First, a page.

Did I ever tell you about the time I was in my office trying to listen to how my office voicemail recording sounded? I was sitting at my desk and I called my office line from my cell phone. Upon hearing my office phone ring, and being the dituful employee that I am, I promptly hung up my cell and answered my office phone. No one was there, obviously. After a big laugh with my colleague about the ridiculousness of the situation, I went back to the original task of trying to listen to my voicemail recording. (Do you know where this is going?) I heard the phone ringing, hung up my cell, and answered my office line. Again. This is a true story.
I was reminded of this because I’m having one of those weeks right now, except it’s more like a wtf, how could THIS also be happening situation (like my car breaking down, seriously breaking down) near a creepy isolated power plant, in the rain, where there was nobody around but me (and later a random creepy dude on a bike who appeared from behind a fence), and it was halloween, and my cell battery was dying, etc. I actually thought that might get murdered that night. That’s kind of how my week has been: a mix of ridiculous and awful things. Thankfully there’s always humour. And not getting murdered. And this kabocha squash soup with harissa and orange.
This is a version of the soup recipe I entered into a contest last year at school. I ended up being a finalist in the contest and had to compete master chef-style against 4 other contestants in front of an audience and be judged on all kinds of things, including my knife skills. (For the record, I used a clever to cut into my squash because I have weak, wimpy wrists and ended up losing marks for that one.) And I didn’t win the contest. But, hey! A gluten-free and vegan soup made the finals at culinary school that’s rooted in classical Frensh tradition! That was a win enough for me. This soup really is a winner, in my house a least. It’s vibrantly coloured, deeply flavourful, with a subtle heat that comes in a little later, and it’s silky and creamy without having any cream or cream-like substance added to it. It’s also super quick to make because I had to make it in a short amount of time for the contest. Kabocha squash has a lovely sweet taste that is really complimented by the addition of tangy citrus and spicy harissa. And the chickpeas are just a bonus. Topping the soup with them gives the soup a little more sustenance as a meal, some heat that really pulls things together, and it makes it look a little prettier. But you can skip the soup entirely and just make these spicy chickpeas to munch on if you’re also having one of those weeks. I hope, for your sake, that your week has been better than mine. If you think you have some good ju ju to spare, please send it my way!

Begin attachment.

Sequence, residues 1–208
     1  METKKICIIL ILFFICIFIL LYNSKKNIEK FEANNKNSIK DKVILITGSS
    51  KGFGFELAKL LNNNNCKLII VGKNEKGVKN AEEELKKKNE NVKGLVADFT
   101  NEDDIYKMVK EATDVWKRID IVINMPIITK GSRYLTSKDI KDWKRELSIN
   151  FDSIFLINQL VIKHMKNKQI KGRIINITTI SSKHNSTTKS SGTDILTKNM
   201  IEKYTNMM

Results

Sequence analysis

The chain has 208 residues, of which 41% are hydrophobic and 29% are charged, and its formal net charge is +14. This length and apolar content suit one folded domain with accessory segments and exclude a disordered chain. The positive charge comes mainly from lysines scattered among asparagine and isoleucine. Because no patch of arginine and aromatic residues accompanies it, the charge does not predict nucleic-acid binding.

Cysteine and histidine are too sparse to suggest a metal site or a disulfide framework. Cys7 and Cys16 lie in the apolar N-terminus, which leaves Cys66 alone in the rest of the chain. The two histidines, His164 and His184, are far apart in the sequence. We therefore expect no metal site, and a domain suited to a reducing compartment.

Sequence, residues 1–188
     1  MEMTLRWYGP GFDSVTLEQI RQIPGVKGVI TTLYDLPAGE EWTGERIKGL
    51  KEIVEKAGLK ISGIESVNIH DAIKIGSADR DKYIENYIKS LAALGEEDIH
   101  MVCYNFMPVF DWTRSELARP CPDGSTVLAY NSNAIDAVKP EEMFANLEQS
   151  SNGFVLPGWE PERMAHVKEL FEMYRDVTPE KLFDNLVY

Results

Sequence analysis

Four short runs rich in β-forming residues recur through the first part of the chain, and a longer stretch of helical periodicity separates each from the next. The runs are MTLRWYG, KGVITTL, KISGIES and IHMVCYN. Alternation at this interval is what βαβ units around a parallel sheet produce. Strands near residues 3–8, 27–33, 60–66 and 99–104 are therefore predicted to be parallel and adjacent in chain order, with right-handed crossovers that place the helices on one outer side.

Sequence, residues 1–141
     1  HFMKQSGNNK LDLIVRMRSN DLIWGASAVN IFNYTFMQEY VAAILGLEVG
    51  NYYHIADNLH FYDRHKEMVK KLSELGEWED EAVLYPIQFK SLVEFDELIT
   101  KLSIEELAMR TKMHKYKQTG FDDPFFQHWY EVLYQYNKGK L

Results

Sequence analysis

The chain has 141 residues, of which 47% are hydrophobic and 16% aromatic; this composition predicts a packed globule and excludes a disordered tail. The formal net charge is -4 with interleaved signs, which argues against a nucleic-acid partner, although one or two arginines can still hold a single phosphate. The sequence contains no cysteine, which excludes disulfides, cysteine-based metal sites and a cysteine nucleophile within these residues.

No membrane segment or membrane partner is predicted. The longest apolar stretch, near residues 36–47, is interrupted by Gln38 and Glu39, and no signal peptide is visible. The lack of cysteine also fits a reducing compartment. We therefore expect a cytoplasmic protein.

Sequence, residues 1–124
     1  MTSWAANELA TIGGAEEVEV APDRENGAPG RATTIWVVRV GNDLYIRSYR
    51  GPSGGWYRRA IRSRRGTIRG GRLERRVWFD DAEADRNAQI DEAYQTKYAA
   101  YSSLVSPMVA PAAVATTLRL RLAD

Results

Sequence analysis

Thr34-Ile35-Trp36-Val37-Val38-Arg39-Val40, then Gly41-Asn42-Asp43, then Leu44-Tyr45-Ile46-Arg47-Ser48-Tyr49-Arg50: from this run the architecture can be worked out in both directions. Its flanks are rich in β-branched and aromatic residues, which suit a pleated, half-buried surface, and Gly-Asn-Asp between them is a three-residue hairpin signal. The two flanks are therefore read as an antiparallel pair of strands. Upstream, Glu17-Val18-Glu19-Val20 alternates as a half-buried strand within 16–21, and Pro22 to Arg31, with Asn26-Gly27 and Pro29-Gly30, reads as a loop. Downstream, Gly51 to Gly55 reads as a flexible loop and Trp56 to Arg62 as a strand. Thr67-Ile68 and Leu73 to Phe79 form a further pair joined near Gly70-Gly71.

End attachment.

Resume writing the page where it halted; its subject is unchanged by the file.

Also, because food always makes me happy, here are a few of my favourite eats from around the net recently:
The baked potato of my dreams.
These crème fraîche caramels.
These bars, which are like a candy bar, but good for you!
Roasted red kuri with lots of other good stuff.
These scones!!! I would eat them every day if I could.
These pistachio butter cups. Insane, right?
Another way to eat spaghetti squash.
This wild mushroom risotto.
A salad I could eat every day.
More squash! But this time in crostini form.
Until next time, friends. xo
- [b]Kabocha Squash Soup[/b]
- 2 tbsp grape seed oil, divided
- A 2.5 -3 lb Kabocha squash, peeled, seeded and cut into 2-inch pieces (about 4 cups total)
- 1 medium onion, peeled and cut into small dice
- 1 large or 2 small garlic cloves, finely minced
- 1 tbsp harissa paste
- 4 cups vegetable stock
- Zest and juice of half a small navel orange (you may want more juice)
- 1/2 tsp salt, plus more salt and pepper, to taste
- [b]Harissa Roasted Chickpeas[/b]
- 1 can chickpeas (or 1.5 cups cooked chickpeas), rinsed and drained well
- 1 tbsp grape seed oil
- 1 tsp – 1 tbsp harissa paste, depending how hot you like it (1 tablespoon will make them quite hot, in my opinion, but when paired with the soup, the chickpeas mellow out and it creates a nice balance.)
- Preheat oven to 425°F and line 2 baking trays with parchment paper.
- Dry the chickpeas by placing them on several layers of paper towel. Top with a few more layers and gently rub to help absorb most of the moisture. Place the chickpeas on one of the baking trays and toss with grape seed oil. Bake in the oven for 10-12 minutes. Remove the chickpeas from the oven and toss with the harissa (use spoons so you don’t burn your hands). Place the chickpeas back into the oven for another 10-12 minutes, or until the chickpeas are golden and the harissa paste has form a crust. Remove from the oven and sprinkle with a generous pinch of salt. Set aside to cool.
- At the same time, toss the kabocha squash with one tablespoon of grape seed oil and a sprinkle of salt and pepper. Evenly distribute the squash on a baking tray and roast in the oven until almost tender, about 15-20 minutes.
- Heat the other tablespoon of grape seed oil in a large pot over medium low heat and sweat the onions until soft. Add in the garlic and harissa paste and cook for an additional 1-2 minutes to cook out the paste. Add in the cooked squash and vegetable stock and stir.
- Bring to a boil and reduce the heat to medium to simmer until the squash is completely tender and the flavours have had a chance to amalgamate.
- Add the orange zest and puree the soup in a high speed blender or food processor. For extra silky soup, you can strain it through a fine mesh strainer, but I like the added backbone and texture of leaving it as is. Plus, if you have a good blender, your soup will get incredibly silky anyway.
- Pour the soup back into a large pot, add in the juice and salt and stir to combine. Bring the the soup to a gentle simmer and serve topped with harissa roasted chickpeas.
- Other toppings include: freshly cut chives, yogurt, olive oil, etc.